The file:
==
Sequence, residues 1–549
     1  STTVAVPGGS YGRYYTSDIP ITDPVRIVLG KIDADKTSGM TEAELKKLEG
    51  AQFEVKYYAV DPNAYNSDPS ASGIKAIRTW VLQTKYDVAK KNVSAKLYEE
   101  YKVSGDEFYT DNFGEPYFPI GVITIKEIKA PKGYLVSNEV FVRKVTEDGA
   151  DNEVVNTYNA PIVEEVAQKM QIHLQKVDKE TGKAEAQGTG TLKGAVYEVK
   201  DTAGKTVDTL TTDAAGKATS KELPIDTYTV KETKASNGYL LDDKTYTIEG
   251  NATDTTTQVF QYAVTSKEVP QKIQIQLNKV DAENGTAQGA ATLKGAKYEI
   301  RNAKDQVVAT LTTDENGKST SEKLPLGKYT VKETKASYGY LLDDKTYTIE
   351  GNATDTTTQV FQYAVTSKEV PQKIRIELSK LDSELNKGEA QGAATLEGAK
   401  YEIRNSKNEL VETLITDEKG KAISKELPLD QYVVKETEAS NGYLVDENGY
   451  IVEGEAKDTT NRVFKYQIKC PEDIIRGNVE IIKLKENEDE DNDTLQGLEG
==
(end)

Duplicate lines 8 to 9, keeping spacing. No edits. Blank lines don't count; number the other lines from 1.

   301  RNAKDQVVAT LTTDENGKST SEKLPLGKYT VKETKASYGY LLDDKTYTIE
   351  GNATDTTTQV FQYAVTSKEV PQKIRIELSK LDSELNKGEA QGAATLEGAK